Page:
Author Topic: What are we reading?  (Read 591157 times)

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Offline airboy

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Re: What are we reading?
« Reply #5205 on: September 28, 2020, 06:00:14 AM »
Tower of Skulls is on my wishlist.  A local grog read it and also thought it was excellent.

Offline Gusington

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Re: What are we reading?
« Reply #5206 on: September 28, 2020, 08:21:30 AM »
If the author does finish the Tower of Skulls trilogy it will be incredible.
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Offline airboy

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Re: What are we reading?
« Reply #5207 on: October 05, 2020, 12:51:11 PM »
I finished Miracle at Midway last night.  I picked it up on a $2.99 kindle deal.

The author is the one who wrote "At Dawn We Slept" sort of.  He died while finishing up all of the research and interviews.  His staff finished up the book.

This is the best account of US actions at Midway that I've ever read.  His approach is to take the battle in chronological order, alternating chapters between the US and Japanese actions.  He carefully presents the information as what each side knew at that point in time - and what logical options they have based on the information they have in front of them.

The US coverage is better than Shattered Sword.  Shattered Sword has better Japanese coverage than Miracle at Midway.

His after action review of the decisions of the US and Japanese commanders at various levels and at various points in time is excellent.  His view of how Nagumo ran the battle was very inciteful.  He thinks Nagumo mostly made the right decisions at the right times using Japanese/US source materials.  His primary faulting of Nagumo was a haphazard search pattern for possible US carriers - but the information that Nagumo had on the strategic level suggested the US carriers were far away.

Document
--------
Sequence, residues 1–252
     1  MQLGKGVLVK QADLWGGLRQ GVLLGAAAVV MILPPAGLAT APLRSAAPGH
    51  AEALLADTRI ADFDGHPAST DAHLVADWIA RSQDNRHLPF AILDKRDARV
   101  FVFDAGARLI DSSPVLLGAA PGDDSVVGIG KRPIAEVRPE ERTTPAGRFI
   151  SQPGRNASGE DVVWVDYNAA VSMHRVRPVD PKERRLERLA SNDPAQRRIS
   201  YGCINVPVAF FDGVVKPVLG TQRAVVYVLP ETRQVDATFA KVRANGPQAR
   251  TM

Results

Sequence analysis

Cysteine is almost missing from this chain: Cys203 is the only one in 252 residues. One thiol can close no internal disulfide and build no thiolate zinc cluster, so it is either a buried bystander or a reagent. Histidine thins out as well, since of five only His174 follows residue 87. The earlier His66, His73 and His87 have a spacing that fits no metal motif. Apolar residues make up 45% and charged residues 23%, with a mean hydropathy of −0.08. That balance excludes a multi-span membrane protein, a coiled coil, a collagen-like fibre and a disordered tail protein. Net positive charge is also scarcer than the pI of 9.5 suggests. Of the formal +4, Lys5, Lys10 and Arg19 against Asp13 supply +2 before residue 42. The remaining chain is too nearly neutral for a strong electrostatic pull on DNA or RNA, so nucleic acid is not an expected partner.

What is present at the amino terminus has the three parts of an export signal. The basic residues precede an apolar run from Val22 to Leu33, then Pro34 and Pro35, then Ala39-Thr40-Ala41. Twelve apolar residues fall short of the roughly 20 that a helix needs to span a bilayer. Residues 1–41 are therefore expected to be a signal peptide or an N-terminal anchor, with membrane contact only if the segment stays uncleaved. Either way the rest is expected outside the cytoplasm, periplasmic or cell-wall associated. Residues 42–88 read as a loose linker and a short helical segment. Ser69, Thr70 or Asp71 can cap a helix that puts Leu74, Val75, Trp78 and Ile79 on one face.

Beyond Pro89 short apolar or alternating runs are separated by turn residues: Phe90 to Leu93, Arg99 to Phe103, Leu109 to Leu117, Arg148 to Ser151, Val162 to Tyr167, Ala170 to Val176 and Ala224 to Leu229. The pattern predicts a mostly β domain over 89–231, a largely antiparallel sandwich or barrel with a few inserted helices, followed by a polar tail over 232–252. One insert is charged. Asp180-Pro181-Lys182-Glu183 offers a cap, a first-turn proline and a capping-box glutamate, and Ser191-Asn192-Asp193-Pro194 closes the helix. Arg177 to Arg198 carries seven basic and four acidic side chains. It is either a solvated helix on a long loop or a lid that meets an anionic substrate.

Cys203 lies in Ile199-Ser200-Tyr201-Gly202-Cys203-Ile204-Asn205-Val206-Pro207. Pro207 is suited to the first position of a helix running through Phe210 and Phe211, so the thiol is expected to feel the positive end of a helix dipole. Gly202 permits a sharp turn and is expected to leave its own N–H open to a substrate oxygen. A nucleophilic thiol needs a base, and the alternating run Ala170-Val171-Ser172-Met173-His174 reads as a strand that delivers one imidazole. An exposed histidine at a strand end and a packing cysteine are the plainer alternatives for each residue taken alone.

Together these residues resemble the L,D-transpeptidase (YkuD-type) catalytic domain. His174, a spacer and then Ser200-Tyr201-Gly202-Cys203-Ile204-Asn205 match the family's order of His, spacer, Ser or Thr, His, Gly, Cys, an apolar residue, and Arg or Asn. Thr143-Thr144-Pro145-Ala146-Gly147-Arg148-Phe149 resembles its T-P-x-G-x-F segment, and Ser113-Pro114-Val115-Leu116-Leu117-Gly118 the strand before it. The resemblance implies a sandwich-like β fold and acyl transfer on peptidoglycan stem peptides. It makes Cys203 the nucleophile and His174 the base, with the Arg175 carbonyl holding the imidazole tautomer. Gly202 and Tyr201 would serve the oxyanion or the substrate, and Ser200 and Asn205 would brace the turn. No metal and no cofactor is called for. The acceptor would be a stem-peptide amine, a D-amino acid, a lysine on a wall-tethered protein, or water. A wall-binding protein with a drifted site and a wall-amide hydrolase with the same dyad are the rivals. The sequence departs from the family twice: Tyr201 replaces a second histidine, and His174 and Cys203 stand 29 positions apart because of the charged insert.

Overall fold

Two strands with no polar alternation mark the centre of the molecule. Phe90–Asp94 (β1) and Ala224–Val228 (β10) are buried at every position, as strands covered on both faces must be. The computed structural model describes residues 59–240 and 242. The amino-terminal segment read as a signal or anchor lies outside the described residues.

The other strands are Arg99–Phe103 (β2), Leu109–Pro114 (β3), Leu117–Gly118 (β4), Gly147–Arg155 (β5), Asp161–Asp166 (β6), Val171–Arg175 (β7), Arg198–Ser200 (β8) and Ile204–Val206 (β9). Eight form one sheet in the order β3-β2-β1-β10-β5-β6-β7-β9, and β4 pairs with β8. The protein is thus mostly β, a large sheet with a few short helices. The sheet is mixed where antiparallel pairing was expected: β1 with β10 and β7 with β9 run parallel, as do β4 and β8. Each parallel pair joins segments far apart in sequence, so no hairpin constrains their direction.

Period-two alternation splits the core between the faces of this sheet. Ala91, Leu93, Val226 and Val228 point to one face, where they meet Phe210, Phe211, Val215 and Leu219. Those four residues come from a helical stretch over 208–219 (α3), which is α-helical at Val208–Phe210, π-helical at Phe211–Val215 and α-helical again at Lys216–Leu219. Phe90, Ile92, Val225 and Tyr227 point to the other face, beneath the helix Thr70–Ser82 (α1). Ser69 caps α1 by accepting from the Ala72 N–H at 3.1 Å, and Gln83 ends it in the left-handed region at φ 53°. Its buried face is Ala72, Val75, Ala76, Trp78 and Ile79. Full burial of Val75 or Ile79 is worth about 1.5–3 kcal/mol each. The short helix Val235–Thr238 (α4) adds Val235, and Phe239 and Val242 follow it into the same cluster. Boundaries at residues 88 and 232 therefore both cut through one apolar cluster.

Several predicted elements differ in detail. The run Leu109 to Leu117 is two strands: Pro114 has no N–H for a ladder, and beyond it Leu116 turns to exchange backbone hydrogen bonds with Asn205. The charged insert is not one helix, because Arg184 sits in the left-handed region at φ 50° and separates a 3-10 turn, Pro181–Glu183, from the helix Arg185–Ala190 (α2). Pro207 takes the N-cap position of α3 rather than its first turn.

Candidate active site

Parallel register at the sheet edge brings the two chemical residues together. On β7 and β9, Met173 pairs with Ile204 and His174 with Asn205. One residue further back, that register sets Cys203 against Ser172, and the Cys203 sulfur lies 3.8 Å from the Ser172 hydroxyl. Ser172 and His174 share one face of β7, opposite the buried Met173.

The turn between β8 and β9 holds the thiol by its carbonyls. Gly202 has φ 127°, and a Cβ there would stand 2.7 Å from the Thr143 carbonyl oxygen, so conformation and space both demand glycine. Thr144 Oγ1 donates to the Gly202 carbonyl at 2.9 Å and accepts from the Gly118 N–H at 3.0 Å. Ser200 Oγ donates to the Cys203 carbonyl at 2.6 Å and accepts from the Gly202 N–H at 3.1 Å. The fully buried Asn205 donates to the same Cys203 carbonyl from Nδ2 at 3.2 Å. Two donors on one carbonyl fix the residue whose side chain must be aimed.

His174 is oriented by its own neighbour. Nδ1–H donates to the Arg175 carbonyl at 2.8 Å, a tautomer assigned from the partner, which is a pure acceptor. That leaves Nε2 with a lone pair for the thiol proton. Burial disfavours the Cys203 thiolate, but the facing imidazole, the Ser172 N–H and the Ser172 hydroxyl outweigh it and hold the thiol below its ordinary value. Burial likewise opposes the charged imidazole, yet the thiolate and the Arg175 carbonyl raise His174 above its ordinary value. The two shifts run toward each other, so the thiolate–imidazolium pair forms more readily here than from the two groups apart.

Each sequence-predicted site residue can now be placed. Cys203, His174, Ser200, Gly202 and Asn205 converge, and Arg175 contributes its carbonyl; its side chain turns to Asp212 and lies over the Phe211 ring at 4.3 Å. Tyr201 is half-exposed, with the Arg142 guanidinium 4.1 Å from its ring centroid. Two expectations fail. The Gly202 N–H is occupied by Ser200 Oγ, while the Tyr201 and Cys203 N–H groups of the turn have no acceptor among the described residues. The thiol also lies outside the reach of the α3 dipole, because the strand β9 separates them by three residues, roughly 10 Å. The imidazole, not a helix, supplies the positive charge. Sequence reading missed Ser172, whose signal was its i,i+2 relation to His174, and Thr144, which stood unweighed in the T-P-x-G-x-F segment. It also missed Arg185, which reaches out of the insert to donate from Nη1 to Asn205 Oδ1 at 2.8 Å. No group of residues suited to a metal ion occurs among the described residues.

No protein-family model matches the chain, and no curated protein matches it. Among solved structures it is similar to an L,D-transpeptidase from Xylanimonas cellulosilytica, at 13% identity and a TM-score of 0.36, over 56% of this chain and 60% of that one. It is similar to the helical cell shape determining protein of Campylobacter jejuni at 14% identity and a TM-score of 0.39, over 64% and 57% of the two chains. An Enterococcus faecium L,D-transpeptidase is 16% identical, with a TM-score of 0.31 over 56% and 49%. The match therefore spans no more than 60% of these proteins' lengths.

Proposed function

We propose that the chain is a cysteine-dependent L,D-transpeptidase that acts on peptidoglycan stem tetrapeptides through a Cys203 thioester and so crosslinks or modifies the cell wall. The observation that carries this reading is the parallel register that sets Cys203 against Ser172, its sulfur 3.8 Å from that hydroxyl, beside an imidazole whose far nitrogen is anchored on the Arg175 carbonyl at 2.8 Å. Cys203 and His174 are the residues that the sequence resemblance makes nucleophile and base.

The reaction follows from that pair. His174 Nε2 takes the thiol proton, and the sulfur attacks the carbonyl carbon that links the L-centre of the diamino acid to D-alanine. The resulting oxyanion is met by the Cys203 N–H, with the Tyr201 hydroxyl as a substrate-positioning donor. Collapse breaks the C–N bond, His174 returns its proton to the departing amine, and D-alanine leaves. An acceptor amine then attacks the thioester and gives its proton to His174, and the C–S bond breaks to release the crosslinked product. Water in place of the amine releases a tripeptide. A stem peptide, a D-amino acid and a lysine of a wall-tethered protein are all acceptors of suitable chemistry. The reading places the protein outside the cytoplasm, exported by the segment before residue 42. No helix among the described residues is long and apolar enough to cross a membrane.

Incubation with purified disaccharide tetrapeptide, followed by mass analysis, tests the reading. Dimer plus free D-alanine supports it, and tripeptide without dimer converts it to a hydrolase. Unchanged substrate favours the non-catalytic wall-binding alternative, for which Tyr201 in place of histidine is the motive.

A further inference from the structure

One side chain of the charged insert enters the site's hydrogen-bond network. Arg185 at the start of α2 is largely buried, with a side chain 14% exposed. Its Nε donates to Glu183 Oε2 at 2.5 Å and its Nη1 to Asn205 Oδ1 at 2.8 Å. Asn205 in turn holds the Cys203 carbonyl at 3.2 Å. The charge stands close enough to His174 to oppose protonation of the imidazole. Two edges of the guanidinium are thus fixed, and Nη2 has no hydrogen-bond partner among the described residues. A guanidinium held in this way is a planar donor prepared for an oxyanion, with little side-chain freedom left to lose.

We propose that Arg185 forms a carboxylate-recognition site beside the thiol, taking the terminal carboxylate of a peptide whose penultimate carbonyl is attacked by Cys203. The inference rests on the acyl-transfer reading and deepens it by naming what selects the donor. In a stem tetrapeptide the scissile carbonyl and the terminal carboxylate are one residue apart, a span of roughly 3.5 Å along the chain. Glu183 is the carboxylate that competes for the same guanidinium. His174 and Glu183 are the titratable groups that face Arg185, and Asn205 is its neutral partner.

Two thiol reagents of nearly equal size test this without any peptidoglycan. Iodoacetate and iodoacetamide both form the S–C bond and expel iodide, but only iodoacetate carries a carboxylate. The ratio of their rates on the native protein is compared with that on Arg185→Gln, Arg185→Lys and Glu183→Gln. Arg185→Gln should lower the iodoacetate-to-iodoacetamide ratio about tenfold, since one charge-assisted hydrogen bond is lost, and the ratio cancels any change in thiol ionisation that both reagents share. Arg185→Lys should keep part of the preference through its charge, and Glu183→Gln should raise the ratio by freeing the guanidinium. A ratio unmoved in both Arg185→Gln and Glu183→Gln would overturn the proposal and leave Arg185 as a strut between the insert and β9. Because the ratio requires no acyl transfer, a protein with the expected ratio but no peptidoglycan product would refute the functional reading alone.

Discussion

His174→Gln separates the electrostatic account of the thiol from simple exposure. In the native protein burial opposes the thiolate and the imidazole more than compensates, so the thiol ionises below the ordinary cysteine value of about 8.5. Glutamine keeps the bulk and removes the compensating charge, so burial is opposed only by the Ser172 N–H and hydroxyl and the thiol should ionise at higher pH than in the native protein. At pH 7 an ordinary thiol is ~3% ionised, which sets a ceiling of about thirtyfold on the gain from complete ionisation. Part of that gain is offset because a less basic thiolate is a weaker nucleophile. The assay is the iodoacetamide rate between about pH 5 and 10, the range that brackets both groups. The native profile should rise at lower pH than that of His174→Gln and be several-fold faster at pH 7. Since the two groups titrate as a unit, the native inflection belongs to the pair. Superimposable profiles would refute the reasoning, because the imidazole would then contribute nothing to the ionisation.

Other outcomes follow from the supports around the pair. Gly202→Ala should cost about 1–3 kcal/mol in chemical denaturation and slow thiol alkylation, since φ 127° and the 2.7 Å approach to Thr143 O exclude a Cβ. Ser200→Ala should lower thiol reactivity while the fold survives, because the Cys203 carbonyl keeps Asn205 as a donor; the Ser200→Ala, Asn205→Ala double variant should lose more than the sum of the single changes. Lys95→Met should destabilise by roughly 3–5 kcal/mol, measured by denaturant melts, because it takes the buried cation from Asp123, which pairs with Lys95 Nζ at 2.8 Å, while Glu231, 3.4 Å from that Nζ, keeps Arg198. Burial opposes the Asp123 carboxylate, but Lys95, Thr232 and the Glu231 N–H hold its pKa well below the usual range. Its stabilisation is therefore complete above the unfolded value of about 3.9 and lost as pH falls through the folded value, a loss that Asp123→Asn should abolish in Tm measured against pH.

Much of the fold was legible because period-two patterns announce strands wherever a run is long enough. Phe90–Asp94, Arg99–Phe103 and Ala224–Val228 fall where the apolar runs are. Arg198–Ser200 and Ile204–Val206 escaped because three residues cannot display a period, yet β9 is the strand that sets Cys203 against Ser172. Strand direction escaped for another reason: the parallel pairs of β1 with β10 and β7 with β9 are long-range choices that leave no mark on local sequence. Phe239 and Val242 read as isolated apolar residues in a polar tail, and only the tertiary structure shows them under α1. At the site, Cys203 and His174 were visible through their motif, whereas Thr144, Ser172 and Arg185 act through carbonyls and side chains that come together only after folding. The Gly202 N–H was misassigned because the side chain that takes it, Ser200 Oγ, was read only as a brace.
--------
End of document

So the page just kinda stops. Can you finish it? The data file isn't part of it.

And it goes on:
His review of the US actions at Midway were:
1] The USA mostly had bad equipment (inferior fighters including the F4F, torpedos (of course), torpedo planes, aerial bombs, and unarmored flight decks.
2] US had much better strategic and tactical intelligence (radar).
3] Information sharing between the fleet and Midway was horrid.
4] US junior officers and men fought very well.
5] US got very lucky, but Spruance and Fletcher held nothing back on the attack so they made their own luck.

His review of the Japanese actions at Midway were:
1] Japanese had much better equipment (aside from Radar & strategic intelligence).
2] Japanese were very brave and skilled
3] Nagumo's "mistakes" were minor - except perhaps for the search planes. 
4] Yamamoto made the big blunders: dividing his forces, not having the battleships as a screen, having a very unclear battle plan (is taking Midway the objective, or is destroying the US fleet), and poor planning for enemy response prior to the battle.